Porter can begin rehab immediately
PITTSBURGH -- Could be as little as two weeks. Or as long as half the season. Or maybe six weeks.
But a relieved Cowher said Porter's injuries easily could have been much worse, and there is every reason to believe the Steelers' best defensive player will be back well before the season ends. The Steelers open the season Sunday against Baltimore.
"More tests are being taken, but there have been no setbacks to this point," Cowher said. "(What happens) over the next couple of days will have a lot to do with his status."
A bullet struck Porter in the buttocks and lodged in his right thigh as he was standing in a crowd of about 150 outside a Denver sports bar early Sunday. One person was killed and four others were injured in what police described as a drive-by shooting, though they said Porter was an innocent bystander.
After flying back to Pittsburgh on a private plane Monday, Porter was examined by team doctor James Bradley, who removed the bullet from his thigh. Cowher said Porter can begin rehabilitating immediately.
"My conversations with him have been short and positive and (he's) optimistic about getting back -- and he will be back," Cowher said. "At what point it's way too early to speculate. But, at this point, I obviously plan on him playing."
Cowher refused to go into specifics about Porter's condition, citing the new federal law that protect a person's private medical records. But he said, "A lot of things can pop up ... and I don't have a lot of history of dealing with an injury like this."
If Porter sustained no significant nerve or muscle damage and his wounds heal normally, his recovery could be on the short side. However, if scar tissue builds up where muscle once was -- as sometimes happens when baseball pitchers undergo elbow or shoulder surgery -- Porter's recovery could take longer.
Porter is expected to visit the Steelers' locker room later this week and Cowher plans on his being on the sidelines Sunday.
Porter will be replaced in the base defense by Clark Haggans, Porter's former teammate at Colorado State and probably the Steelers' most skilled defensive backup. Haggans had 6½ sacks last season, most of them early in the season while playing in the dime defense on passing downs.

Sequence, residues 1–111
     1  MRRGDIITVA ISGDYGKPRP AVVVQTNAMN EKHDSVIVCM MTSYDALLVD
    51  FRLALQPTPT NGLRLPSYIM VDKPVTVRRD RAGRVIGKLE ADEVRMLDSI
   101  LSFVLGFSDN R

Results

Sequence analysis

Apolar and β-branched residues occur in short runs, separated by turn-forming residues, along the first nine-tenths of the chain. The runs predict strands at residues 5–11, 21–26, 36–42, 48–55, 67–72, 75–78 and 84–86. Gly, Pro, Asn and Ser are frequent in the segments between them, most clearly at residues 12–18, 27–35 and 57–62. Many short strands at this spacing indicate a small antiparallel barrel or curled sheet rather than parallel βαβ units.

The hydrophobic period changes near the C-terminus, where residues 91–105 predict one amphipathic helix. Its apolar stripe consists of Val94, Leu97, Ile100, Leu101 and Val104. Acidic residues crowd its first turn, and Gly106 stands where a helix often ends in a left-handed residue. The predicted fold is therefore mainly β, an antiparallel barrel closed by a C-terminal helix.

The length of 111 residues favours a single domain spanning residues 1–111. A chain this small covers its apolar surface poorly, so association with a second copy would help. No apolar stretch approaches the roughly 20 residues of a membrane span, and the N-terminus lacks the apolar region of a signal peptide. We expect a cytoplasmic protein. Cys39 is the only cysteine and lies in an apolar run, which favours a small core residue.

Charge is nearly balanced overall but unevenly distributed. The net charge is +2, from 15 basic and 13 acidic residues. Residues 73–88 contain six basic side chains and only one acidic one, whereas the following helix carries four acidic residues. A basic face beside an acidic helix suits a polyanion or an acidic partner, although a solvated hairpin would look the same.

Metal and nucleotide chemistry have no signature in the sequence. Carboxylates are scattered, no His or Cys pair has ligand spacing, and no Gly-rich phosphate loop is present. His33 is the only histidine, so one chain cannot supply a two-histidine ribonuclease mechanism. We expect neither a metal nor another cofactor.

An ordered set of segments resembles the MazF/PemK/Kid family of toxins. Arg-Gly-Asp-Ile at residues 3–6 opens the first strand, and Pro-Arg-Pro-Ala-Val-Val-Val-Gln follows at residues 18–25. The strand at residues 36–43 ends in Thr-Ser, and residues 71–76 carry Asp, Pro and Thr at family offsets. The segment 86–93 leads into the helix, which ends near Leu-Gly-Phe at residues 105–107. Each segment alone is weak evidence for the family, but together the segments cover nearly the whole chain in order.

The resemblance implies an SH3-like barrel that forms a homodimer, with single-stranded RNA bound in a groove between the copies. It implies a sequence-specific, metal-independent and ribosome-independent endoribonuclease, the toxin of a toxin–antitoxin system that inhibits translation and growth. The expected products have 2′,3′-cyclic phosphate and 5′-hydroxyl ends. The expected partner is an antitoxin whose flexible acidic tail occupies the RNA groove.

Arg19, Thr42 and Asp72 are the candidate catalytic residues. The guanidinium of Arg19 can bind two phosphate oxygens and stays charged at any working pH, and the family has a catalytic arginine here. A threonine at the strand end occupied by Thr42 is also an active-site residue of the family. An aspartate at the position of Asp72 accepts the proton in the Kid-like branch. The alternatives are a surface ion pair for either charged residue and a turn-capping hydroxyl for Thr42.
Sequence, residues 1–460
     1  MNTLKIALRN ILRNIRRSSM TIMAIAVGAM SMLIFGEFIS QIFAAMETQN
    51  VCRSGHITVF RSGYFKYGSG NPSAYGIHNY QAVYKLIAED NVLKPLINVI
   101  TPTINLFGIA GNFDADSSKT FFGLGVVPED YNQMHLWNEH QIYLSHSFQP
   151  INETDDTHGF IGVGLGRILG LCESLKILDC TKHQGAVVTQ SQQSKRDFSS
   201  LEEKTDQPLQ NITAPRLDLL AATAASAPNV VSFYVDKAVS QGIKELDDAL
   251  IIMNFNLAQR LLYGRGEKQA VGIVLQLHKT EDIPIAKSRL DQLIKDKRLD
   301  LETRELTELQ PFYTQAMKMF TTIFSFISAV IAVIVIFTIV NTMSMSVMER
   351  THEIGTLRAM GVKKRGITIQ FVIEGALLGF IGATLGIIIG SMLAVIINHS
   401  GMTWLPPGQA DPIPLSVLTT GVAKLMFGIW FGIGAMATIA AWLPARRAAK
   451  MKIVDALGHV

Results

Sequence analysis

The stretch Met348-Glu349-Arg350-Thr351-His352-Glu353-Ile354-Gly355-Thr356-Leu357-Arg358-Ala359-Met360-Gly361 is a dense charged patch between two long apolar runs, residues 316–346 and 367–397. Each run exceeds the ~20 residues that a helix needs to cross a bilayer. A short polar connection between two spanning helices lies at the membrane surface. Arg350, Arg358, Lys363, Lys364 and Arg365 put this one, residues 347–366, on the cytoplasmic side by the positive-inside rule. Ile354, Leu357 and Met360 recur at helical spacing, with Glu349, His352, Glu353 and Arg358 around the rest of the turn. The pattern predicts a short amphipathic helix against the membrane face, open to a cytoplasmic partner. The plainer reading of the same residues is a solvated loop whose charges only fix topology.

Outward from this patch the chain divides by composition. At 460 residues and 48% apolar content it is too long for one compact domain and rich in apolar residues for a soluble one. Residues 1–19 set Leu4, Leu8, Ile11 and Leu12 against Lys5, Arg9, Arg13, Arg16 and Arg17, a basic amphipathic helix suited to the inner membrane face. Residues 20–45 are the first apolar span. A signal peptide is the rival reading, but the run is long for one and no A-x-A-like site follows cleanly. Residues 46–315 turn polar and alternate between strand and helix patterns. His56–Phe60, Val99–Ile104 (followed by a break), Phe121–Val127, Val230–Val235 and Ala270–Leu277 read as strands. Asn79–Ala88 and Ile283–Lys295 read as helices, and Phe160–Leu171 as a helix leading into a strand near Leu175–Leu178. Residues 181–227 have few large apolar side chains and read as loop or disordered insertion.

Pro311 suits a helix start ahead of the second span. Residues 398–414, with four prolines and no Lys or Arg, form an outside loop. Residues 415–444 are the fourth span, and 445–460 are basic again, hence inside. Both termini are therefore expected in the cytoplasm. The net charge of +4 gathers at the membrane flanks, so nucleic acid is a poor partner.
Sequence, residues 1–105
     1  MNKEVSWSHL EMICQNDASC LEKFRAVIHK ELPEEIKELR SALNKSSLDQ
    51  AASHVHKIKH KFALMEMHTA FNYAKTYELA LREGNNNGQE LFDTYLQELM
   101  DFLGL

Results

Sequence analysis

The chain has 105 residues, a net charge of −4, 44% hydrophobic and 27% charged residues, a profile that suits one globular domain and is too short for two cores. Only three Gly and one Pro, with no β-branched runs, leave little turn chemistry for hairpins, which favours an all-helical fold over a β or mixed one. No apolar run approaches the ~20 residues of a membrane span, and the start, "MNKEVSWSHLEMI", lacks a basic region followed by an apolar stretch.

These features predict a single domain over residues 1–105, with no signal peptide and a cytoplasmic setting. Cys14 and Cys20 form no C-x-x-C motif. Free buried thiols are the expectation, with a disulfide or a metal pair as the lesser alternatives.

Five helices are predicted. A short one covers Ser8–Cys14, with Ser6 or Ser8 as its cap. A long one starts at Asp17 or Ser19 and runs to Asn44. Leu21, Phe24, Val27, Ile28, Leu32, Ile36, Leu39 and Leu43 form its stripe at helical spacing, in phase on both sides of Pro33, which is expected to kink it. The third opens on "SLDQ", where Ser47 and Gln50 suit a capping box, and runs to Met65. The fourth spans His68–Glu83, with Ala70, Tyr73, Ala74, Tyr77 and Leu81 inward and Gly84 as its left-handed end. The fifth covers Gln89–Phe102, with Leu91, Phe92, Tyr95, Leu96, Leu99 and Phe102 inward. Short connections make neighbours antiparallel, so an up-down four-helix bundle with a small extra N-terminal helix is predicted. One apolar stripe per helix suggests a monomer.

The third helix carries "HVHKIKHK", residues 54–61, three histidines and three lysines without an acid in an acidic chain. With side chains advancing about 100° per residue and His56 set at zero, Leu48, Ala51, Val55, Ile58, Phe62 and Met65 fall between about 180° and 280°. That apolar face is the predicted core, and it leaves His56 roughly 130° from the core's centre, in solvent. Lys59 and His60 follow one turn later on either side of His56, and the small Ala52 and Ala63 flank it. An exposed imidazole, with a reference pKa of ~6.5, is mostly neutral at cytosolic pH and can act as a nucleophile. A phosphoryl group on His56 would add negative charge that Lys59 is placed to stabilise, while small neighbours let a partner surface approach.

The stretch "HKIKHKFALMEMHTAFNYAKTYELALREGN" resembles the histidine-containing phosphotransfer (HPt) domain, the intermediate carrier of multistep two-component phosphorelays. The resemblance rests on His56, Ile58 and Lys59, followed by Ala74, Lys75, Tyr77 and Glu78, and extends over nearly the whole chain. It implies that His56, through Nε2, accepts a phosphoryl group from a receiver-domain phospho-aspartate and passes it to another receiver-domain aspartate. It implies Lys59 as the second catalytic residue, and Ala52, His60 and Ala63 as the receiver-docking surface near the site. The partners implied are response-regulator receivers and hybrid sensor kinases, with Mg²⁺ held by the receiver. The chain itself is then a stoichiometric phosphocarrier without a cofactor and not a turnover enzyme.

"Here's a guy who has lined up and played," Cowher said. "I think our team recognizes he's a pretty good player."
Haggans also flew to Denver last weekend and attended the Colorado State-Colorado game with Porter. Haggans hasn't said if he also accompanied Porter to the sports bar, which police said was located in a relatively high-crime area.
But while Cowher cautioned his players Monday during a team meeting about putting themselves into situations where trouble could confront them, he has no problems with Porter's decision to attend the game.
"I certainly would not ask anyone to live their life in a shell and be afraid about doing things," Cowher said. "But you have to be aware you're in a high profile position and there are people in our society who will try to exploit that.
"I'm not just talking about Joey, but look at all the situations that have come up with high-profile players and some situations they've put themselves into," he said. "The longer you stay out at night, the more risk you put yourself into. People's courage becomes greater as the night goes on. You have to be careful where you are and who you're with and what kind of situation you put yourself into, particularly as the night grows older."
Copyright 2003 by The Associated Press